Special Education Doctoral competencies and requirements managed through the UConn Neag School of Education will provide a foundation for doctoral level work covered in the current Doctoral Handbook and specific early childhood intervention competencies are built on the framework pictured here. The competencies have been expanded and grouped under four leadership competency areas: Personnel Preparation, Research Inquiry, Scholarship and Community Engagement through Practice and Policy. Each are designed to provide doctoral students with the opportunity and the support to develop Leadership Competencies that will prepare them to assume leadership roles in the field of ECI and faculty.  The areas are described as follows:

Research Inquiry.  ECI leaders must have the expertise and scholarship necessary to conduct research that is relevant to improving ECI teacher performance, program design, and ultimately enhancing child and family outcomes and readiness for school and eventual post school outcomes. They should understand the logic of research, grasp the passion of scientific inquiry, be well-versed in identifying appropriate research designs, and be able to accurately write, interpret, and communicate research findings. Educational leaders must have the capacity to disseminate research and practices in ways that are accessible to practitioners, administrators, and other consumers of this knowledge.

Personnel Preparation. The program will intentionally support doctoral students in developing personnel preparation competencies related to university teaching and instructional and research supervision. For example, the students have a unique opportunity to develop their university teaching expertise as part of a nationally recognized and innovative five-year teacher certification program in the Neag School of Education. The Integrated Bachelor/Master’s program is based on a horizontal model that prepares teachers to work with children with disabilities or at risk of academic failure in a range of educational settings with a specific focus on urban schools. In addition, students will participate in 3 online courses in ECI offered to advanced graduate students in ECI. The doctoral students will become familiar with the various features of on-line instruction using a Blackboard platform and will implement all activities related to personnel preparation ranging from course development and presentation to student-advising, practicum supervision and student evaluation.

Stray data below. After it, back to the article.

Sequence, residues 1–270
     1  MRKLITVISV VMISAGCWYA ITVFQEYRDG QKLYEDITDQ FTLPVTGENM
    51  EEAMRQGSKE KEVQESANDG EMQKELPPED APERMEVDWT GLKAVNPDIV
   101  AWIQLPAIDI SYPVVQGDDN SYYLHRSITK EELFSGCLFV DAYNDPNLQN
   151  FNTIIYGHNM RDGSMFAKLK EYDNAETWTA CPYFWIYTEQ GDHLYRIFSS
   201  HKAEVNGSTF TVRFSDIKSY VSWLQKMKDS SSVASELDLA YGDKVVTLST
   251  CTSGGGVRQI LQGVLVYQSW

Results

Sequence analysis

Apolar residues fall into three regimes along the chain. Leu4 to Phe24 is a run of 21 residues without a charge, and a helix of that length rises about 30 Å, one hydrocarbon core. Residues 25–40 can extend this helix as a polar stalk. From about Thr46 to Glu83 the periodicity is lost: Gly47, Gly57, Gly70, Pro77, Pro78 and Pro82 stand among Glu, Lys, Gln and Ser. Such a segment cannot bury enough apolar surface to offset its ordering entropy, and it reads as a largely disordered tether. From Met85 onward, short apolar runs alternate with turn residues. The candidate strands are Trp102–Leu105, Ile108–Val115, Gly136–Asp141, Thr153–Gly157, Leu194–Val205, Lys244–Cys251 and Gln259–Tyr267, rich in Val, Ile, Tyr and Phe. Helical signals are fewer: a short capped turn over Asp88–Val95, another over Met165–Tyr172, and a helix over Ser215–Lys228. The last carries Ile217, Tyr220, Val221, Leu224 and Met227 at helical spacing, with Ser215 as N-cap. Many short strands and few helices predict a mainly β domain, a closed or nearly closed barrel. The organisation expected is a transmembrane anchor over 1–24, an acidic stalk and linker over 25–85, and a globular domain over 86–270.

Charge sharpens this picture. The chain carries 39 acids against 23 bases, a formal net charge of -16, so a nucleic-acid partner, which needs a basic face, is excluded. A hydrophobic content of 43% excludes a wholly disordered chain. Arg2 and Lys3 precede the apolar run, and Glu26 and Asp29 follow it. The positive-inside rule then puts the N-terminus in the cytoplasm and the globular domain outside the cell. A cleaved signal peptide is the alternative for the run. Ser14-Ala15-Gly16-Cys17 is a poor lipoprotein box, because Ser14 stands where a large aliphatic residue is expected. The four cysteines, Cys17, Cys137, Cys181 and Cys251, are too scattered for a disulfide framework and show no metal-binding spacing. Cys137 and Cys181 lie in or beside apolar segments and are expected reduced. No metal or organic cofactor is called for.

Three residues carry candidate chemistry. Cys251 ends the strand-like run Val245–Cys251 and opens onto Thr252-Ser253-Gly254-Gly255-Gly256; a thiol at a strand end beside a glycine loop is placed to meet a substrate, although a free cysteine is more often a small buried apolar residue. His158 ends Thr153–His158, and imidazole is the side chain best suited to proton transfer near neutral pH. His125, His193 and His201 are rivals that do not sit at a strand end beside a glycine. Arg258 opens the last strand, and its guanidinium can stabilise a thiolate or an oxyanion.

Community Engagement describes the collaboration between institutions of higher education and their larger communities for the mutually beneficial exchange of knowledge and resources in a context of partnership and reciprocity. These competencies will ensure that doctoral students are experts in providing concrete, specific solutions to the challenges presented by infants and young children with disabilities and their families. This will occur through advocacy and technical assistance collaborations with local, state and national agencies serving this population.

Scholarship. Doctoral students will also be prepared to participate on a scholarly level with peers and future peers in academia. The competencies in this area will address those skills that will contribute to the ability to be productive faculty member, and it will include, but are not limited to, reviewing articles for professional journals, grants and for conference programs, assisting in the planning of meetings and conferences, presenting at state and national conferences, writing for publication and developing professional development activities for themselves. Students will also serve on committees at the state and national level.

Faculty and Management Plan

The management team will include all five faculty. They will be instrumental to the integrity of the project. The demands of a high quality leadership project demands strict attention to the administrative mechanisms of the project. Dr. Bruder and Dr. Sugai will have primary responsibility for co-managing the project.

Mary Beth Bruder, PhD (Co-PI) is a tenured professor in the Depts. of Pediatrics and Community Medicine in School of Medicine at the University of CT with a joint appointment in the Neag School of Education.

Dr. George Sugai (Co-PI) received his M.Ed. in 1974 and Ph.D. in 1980 at the University of Washington. Currently at the University of Connecticut, Dr. Sugai is Neag Endowed Chair in Behavior Disorders and professor with tenure.

Carl J. Dunst, Ph.D. is a Research Scientist at the Puckett Institute, Asheville, NC., and research consultant at the Pappanikou Center. He received his doctorate degree in developmental psychology from George Peabody College, Vanderbilt University and his masters degree in early childhood special education from George Washington University.

Kathleen Hebbeler, Ph.D. has over 30 years of experience in research and evaluation of education, health, and social programs for young children and their families. Currently, Dr. Hebbeler directs the Early Childhood Outcomes Center, a 10-year effort to build the capacity of states to report high quality data on outcomes for young children with disabilities and their families.

Questions About the Doctoral Program?